NCBFAA Urges USTR To Maintain Drawback Program in CAFTA

Jon Kent
Phone: (202) 223-6222
For Immediate Release

Washington, DCIn a letter dated April 24, National Customs Broker & Forwarder Association of America, Inc. (NCBFAA) President Federico Zuniga today criticized the U.S. Trade Representative for its proposal to eliminate or restrict duty drawback in the negotiations for the U.S.-Central America Free Trade Agreement (CAFTA), calling such a position "misguided" and pointing to the "direct negative effect on jobs in the U.S. - particularly those related to export trade." The NCBFAA comments were submitted in response to aFederal Register notice requesting public comment on the employment impact of the U.S.-CAFTA.
        "Duty drawback is an incentive to export - it reduces cost and maximizes profit for exporters," the NCBFAA President wrote. "An export to a free trade partner is an export nonetheless. When drawback is denied for that export, it increases the U.S. manufacturer's costs, pure and simple. As such, the elimination of drawback is contradictory to the goals of a free trade agreement. In effect, the U.S. approach simply provides one incentive to trade only to take another away."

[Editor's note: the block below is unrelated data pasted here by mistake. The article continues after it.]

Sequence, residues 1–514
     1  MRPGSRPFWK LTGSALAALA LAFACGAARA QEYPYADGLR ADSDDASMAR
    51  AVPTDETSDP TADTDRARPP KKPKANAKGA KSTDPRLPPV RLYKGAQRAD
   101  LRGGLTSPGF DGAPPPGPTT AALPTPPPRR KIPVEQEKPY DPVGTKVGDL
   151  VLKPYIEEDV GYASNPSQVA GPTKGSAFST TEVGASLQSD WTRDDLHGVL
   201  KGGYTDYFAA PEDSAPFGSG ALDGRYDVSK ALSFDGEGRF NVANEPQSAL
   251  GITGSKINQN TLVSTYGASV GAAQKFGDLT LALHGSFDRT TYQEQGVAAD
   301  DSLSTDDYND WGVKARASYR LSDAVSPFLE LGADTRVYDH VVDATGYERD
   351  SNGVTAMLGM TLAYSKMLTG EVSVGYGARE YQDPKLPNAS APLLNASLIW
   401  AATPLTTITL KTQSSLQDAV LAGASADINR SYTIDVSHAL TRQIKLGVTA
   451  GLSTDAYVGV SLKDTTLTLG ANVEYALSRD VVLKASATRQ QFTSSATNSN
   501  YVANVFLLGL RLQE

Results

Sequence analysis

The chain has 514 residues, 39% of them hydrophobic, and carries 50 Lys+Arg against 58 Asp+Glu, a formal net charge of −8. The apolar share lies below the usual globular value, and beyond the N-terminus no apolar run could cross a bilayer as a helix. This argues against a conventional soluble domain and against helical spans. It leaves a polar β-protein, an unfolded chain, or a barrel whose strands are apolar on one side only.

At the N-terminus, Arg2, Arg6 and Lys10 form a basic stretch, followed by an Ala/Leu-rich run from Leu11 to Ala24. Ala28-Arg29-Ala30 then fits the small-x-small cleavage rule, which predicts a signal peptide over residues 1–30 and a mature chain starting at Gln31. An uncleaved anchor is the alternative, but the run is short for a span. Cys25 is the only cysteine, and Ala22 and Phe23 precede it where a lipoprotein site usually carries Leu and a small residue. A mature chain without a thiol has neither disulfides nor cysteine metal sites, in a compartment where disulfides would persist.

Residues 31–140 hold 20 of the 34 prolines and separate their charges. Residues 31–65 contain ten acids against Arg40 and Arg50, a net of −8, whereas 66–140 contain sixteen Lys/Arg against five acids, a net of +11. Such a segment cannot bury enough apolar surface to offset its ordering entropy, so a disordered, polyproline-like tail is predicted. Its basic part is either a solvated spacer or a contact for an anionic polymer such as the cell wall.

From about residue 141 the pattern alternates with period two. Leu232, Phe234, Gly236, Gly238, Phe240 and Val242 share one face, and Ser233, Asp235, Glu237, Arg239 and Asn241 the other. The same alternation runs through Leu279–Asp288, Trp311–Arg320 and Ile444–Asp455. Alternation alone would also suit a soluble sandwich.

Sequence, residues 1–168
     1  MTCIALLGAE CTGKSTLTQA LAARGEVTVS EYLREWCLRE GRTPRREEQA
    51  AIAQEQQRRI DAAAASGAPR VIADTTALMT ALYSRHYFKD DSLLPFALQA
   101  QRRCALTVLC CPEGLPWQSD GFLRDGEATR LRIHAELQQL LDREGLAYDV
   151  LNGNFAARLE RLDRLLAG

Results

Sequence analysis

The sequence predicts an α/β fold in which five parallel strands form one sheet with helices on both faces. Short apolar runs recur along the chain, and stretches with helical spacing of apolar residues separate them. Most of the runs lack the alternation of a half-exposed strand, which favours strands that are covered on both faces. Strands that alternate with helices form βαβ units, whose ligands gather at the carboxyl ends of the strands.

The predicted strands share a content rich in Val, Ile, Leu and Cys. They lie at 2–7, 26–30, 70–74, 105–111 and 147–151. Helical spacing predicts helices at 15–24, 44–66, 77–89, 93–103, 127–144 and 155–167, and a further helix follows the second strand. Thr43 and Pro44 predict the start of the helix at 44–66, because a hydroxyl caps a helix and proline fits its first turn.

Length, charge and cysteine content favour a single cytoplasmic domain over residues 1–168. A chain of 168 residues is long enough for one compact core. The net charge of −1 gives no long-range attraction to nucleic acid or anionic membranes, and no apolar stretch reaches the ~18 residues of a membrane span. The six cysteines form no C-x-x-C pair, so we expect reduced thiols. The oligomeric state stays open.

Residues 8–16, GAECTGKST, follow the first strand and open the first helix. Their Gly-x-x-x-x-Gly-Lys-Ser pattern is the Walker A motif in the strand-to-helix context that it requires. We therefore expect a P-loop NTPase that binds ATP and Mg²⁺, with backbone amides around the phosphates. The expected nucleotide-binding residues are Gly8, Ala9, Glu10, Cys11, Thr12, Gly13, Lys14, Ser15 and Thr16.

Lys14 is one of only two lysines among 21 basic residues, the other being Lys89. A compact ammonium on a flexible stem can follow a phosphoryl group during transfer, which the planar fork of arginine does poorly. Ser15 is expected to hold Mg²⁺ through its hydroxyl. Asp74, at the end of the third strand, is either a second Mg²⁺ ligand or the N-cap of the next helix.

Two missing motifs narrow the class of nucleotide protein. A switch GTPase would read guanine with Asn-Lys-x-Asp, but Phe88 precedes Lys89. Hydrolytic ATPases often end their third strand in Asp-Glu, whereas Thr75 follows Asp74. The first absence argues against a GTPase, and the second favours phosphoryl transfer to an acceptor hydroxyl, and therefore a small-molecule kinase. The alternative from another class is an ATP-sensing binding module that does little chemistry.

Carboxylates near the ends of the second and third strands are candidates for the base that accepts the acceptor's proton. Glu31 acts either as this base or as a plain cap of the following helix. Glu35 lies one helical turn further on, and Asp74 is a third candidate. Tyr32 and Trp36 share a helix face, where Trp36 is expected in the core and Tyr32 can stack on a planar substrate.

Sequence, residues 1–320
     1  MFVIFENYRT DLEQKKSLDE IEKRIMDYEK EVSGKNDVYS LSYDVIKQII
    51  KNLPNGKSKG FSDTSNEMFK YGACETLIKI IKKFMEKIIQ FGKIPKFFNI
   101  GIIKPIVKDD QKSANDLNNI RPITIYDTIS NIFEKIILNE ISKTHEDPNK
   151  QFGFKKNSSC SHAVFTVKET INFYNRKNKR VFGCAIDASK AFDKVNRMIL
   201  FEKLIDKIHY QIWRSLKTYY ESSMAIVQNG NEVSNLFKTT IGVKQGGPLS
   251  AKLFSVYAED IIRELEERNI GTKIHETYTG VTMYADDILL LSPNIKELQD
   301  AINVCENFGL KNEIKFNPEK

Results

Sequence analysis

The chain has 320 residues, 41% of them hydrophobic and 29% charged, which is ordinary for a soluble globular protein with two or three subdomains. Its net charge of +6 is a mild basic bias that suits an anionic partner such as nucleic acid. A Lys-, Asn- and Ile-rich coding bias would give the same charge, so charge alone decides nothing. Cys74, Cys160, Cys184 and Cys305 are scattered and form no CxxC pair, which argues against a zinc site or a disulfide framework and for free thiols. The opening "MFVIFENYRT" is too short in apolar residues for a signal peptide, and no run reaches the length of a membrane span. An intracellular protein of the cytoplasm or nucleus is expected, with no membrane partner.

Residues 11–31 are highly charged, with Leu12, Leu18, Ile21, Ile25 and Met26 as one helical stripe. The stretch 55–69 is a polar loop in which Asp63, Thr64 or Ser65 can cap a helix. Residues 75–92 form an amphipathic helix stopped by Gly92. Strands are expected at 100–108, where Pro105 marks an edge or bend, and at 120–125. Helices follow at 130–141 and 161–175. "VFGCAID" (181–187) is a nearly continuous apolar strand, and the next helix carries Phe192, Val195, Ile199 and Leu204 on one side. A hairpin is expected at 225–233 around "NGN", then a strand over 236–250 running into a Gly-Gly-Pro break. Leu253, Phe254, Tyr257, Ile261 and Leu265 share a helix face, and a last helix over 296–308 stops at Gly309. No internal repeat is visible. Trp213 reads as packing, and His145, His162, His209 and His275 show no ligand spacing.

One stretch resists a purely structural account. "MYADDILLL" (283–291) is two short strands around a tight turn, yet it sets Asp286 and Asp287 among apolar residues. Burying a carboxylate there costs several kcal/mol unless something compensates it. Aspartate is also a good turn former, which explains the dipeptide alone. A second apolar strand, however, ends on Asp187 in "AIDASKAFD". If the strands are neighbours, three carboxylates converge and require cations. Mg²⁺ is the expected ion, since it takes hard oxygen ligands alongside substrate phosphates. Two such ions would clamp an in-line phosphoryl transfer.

The U.S. position in the CAFTA negotiations is similar to the policy followed in the NAFTA and the recently concluded U.S.-Chile FTA.
        "U.S. manufacturers operate in a dynamic, global economy, where inputs are sourced from a wide variety of countries, based on a range of factors," President Zuniga explained to U.S. negotiators. "In this environment, duty drawback remains vitally important to ensure the profitability of U.S. companies competing in a global marketplace."
        Zuniga concluded by saying "Duty drawback can and should coexist in a free trade area." The U.S. hopes to conclude the U.S.-CAFTA negotiations by the end of the year.
        With headquarters in Washington, DC, the NCBFAA ( represents nearly 700 member companies - the nation's leading freight forwarders, customs brokers, ocean transportation intermediaries (OTIs) and air cargo agents. Established in 1897 in New York, NCBFAA is the strong, effective national voice of the industry. Through its various committees, counsel and representatives, the Association maintains a close watch over legislative and regulatory issues that affect its members. It keeps them informed of these and other related issues through its weekly Monday Morning eBriefingQuarterly NCBFAA Bulletin, and various meetings and conferences throughout the year.


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